A climatology of the extratropical transition of Atlantic tropical cyclones
Robert E. Hart, Penn State University, University Park, PA; and J. L. Evans
The temporal and spatial distribution of extratropical transition of Atlantic tropical cyclones are examined. Variations exist on both the seasonal,interannual, and decadal scales. The impact upon middle and high latitudes is explored through return periods of both TCs themselves, and TC-induced heavy rainfall. Explanations for the seasonal variability are discussed, along with a discussion of the post-transition intensity change following transition--a major issue for forecasters attepting to forecast the distribution of wind and rain from these cyclones. The vast majority of post-transition intensifiers form deep in the tropics, with the majority of post-transition decayers forming in the subtropics or middle latitudes. The cause for these differences is discussed in detail. An explanation is also provided for the factors dictating why some storms intensify afer transition, while others decay.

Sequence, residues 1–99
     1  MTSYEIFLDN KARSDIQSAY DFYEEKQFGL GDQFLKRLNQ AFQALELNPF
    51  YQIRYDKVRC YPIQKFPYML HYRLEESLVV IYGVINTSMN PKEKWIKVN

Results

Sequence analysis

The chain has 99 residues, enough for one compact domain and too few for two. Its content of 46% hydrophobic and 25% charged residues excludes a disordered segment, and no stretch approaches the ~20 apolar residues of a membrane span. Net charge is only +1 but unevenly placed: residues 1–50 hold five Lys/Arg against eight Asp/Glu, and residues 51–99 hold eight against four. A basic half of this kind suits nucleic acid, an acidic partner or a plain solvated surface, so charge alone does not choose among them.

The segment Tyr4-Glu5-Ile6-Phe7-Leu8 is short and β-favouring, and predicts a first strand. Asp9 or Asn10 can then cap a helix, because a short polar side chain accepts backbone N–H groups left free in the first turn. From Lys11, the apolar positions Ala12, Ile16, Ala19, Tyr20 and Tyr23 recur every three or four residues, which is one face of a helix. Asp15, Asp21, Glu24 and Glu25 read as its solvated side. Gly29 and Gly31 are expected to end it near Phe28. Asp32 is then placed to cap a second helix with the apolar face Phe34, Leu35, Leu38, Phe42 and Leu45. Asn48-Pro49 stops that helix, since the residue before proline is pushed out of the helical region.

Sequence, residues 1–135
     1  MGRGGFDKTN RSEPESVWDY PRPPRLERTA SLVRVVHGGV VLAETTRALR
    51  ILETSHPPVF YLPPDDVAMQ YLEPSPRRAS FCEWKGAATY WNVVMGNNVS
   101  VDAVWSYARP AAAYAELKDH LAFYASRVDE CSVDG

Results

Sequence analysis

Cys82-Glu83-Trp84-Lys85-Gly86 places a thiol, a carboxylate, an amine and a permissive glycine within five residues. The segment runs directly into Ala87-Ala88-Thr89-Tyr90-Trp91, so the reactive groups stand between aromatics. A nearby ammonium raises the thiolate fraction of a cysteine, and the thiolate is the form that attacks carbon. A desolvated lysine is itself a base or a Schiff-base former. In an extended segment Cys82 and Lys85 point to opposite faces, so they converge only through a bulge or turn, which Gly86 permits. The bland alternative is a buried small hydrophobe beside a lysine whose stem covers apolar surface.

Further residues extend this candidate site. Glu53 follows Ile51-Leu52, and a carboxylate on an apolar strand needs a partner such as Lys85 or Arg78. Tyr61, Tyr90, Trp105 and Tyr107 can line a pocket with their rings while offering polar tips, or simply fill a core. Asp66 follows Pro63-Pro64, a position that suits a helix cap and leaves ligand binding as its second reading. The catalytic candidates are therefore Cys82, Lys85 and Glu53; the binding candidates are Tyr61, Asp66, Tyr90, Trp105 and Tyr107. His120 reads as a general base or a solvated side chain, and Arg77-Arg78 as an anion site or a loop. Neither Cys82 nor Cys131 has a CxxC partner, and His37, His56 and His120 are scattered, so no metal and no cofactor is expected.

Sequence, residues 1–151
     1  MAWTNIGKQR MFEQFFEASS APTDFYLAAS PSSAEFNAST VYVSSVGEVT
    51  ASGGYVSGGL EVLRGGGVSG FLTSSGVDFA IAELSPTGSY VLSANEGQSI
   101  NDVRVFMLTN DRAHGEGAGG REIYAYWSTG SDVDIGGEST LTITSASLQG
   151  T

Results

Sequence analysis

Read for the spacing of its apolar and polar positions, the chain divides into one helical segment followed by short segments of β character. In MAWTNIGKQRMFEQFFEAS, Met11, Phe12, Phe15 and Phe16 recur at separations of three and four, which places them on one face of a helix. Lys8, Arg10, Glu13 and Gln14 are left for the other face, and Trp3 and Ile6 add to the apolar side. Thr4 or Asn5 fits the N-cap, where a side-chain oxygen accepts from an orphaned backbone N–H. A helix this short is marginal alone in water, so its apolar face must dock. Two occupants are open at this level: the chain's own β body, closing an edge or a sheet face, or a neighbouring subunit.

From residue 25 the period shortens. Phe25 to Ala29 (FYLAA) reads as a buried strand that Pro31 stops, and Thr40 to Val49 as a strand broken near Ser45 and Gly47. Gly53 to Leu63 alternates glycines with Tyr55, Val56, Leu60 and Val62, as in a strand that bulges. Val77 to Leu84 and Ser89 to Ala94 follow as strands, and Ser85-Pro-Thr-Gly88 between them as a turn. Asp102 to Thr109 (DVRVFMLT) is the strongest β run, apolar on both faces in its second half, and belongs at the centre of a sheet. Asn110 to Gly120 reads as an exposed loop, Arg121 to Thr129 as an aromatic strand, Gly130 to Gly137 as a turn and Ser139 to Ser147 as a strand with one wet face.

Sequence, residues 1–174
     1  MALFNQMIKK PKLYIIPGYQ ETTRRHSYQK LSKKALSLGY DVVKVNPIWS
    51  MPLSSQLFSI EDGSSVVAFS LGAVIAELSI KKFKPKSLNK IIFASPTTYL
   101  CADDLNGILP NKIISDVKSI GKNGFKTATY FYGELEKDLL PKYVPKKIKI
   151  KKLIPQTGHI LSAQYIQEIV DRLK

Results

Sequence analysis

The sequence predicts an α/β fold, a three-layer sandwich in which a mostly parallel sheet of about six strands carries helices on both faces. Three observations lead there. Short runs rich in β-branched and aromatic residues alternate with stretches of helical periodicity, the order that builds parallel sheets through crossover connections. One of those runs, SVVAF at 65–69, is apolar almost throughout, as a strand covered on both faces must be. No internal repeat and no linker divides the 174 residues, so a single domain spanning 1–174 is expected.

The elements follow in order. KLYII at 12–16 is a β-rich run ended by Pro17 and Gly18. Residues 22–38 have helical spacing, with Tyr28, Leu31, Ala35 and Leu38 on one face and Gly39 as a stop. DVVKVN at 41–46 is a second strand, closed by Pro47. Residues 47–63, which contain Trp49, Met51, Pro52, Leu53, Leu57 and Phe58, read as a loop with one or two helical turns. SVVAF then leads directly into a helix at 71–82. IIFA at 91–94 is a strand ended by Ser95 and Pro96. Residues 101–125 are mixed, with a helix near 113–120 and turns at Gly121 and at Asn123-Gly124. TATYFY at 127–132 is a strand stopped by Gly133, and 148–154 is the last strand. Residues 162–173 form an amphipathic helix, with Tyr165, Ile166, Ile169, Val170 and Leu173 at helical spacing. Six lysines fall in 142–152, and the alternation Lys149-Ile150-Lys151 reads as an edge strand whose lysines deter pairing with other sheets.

Poster Session 1, Lunch Poster Session (Lunch provided at Convention Center with sponsorship from Aerosonde Robotic Aircraft Pty Ltd, Hawthorn, Vic., Australia)
Wednesday, 24 May 2000, 12:00 PM-1:45 PM
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